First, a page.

Friday, September 9, 2011

Living, forgiving

How appropriate that the gospel reading for this Sunday, the 10th anniversary of the September 11th attacks, should be Matthew 18:21-35, a reminder of our call to forgive as many times as we have to. -- RG

by José Antonio Pagola (English translation by Rebel Girl)
Redes Cristianas

The disciples had heard Jesus say incredible things about loving enemies, praying to the Father for those who persecute us, forgiving the one who harms us. Surely it seemed an extraordinary but not very realistic, and very problematic message to them.

Now Peter approaches Jesus with a more practical and specific question that allows them, at least, to solve the problems that arise among them: suspicion, envy, confrontations, conflicts, and quarrels. How should they act in that family of followers that is walking in His footsteps? Specifically: "If my brother offends me, how often must I forgive him?"

Before Jesus answers, the impetuous Peter goes ahead and makes his own suggestion: "As many as seven times?" His proposal is much more generous than the judicial climate that existed in Jewish society. It even goes beyond the practice of the rabbis and the Essene groups who talked about forgiving a maximum of four times.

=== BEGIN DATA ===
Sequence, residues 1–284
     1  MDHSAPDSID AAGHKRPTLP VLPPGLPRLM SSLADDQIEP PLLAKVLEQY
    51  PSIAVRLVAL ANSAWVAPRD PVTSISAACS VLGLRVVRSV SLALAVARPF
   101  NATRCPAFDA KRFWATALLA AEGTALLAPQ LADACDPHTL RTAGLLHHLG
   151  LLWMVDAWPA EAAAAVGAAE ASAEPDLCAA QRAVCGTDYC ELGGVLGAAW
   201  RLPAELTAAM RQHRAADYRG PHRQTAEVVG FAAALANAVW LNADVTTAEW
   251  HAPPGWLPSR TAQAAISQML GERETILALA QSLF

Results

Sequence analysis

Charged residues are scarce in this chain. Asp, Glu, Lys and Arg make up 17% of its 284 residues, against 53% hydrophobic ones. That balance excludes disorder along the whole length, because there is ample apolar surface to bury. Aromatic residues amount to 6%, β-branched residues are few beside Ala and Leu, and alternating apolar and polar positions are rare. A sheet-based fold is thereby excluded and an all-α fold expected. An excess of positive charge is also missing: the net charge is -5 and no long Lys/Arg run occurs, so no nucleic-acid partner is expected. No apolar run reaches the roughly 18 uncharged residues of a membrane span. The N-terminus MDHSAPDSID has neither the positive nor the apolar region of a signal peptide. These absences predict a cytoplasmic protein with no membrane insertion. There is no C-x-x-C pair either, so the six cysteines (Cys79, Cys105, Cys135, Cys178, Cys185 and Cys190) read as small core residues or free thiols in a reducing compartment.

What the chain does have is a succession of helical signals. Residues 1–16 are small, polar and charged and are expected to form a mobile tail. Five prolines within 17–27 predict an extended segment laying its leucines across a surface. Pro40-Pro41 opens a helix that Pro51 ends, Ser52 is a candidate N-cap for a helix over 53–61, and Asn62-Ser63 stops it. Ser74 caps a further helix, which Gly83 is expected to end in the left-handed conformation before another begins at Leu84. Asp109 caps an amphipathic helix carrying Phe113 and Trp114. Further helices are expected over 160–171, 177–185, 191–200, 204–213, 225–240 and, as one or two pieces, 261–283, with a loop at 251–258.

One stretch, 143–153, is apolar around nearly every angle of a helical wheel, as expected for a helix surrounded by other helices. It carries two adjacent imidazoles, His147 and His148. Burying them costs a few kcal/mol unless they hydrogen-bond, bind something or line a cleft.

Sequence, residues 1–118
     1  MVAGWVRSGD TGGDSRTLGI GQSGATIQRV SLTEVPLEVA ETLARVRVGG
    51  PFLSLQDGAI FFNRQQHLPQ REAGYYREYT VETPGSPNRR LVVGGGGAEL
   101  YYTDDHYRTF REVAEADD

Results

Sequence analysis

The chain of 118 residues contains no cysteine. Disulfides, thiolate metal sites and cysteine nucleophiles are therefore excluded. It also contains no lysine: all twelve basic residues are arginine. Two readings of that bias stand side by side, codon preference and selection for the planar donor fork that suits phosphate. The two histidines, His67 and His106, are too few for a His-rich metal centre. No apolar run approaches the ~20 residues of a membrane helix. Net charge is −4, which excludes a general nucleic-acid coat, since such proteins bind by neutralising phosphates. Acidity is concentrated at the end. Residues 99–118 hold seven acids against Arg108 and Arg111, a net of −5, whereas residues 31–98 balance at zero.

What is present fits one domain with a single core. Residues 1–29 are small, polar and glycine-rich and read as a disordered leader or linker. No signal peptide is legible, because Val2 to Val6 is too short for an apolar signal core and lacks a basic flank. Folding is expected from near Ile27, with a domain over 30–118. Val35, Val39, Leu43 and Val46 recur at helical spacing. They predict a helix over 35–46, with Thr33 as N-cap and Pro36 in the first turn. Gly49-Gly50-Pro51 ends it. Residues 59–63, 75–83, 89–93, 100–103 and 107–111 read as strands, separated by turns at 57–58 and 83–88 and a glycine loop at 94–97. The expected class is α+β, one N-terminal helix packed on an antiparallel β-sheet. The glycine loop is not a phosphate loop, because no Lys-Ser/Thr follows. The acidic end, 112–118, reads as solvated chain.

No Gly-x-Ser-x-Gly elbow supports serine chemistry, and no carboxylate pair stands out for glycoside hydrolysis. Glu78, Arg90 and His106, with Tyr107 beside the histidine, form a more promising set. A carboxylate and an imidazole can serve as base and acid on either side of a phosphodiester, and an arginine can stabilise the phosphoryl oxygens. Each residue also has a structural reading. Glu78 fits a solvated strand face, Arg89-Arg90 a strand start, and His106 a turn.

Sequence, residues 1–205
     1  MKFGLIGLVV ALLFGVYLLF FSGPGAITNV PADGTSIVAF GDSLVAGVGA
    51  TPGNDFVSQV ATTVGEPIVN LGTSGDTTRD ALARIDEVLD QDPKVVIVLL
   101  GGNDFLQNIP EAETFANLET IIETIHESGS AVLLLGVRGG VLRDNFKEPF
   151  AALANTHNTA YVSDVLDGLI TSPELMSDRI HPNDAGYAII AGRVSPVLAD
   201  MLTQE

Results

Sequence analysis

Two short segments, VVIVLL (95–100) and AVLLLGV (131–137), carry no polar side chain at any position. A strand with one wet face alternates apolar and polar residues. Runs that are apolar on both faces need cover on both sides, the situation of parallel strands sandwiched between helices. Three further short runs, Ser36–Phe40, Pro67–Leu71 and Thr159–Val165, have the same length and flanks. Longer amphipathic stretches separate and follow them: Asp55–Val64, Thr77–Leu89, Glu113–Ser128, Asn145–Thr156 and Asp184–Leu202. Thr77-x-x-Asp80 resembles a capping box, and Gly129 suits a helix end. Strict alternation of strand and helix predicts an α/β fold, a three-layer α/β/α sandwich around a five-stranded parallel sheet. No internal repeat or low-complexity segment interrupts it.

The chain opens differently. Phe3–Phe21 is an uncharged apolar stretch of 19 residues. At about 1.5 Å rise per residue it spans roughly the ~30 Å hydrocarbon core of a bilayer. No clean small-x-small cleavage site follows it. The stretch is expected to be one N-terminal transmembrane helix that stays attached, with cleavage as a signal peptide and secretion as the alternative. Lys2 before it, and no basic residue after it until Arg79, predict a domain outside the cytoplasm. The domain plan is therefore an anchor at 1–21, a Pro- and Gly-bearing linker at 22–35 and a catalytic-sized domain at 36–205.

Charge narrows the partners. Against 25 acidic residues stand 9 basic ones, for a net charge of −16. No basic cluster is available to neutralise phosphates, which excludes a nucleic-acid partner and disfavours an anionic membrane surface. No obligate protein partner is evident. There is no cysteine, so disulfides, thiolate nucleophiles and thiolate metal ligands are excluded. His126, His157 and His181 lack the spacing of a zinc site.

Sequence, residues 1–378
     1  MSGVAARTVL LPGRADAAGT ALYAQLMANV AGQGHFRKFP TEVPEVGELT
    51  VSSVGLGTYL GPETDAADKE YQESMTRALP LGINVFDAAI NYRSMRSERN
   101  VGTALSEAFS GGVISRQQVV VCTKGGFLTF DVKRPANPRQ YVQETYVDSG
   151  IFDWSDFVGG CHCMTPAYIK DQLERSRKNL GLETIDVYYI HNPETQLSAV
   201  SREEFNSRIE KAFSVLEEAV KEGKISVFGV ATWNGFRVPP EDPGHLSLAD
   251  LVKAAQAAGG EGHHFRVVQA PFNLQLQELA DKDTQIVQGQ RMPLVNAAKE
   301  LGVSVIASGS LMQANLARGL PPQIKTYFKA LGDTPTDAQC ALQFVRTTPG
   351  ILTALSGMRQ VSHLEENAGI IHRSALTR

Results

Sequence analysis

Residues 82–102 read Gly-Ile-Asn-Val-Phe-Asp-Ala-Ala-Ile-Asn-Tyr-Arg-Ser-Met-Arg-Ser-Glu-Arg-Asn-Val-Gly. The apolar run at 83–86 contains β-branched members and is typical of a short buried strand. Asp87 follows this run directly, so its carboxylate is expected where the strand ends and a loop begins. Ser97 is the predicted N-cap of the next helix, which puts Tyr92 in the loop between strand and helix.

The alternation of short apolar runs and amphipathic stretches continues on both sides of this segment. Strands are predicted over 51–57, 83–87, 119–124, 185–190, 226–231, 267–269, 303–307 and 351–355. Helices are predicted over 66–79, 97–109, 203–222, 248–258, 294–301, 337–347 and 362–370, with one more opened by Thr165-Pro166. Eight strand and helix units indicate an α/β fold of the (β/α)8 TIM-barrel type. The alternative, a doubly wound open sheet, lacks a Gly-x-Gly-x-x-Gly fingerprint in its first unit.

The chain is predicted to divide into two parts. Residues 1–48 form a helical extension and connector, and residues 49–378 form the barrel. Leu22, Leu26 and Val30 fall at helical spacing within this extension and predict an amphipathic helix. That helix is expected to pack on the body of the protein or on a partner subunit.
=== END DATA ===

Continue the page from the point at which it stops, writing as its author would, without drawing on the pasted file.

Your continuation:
However, Peter is still moving on the level of Jewish casuistry which prescribes forgiveness as an amicable and regulated settlement to ensure the orderly functioning of life together among those who belong to the same group.

Jesus' answer demands putting oneself in a different register. There are no limits to forgiveness: "I say to you, not seven times but seventy times seven." Keeping account of forgiveness makes no sense. Whoever starts to count how many times he's forgiving his brother is embarking on an absurd path that ruins the spirit that should reign among His followers.

The Jews knew of a "Song of vengeance" of Lamech, a legendary hero of the desert, that went like this: "Cain will be avenged seven times, but Lamech shall be avenged seventy times seven.” Against this culture of limitless vengeance, Jesus sings limitless forgiveness among His followers.

In recent years, unrest has been growing within the Church, leading to conflicts and clashes that are increasingly heartrending and painful. The lack of mutual respect, insults and slander are becoming more and more frequent. With no one disavowing them, sectors that call themselves Christian use the Internet to spread aggression and hatred, mercilessly destroying the name and career of other believers.

We urgently need witnesses to Jesus, who firmly proclaim His gospel and spread His peace with humble hearts. Believers who live forgiving and curing this sick obsession that has penetrated His Church.

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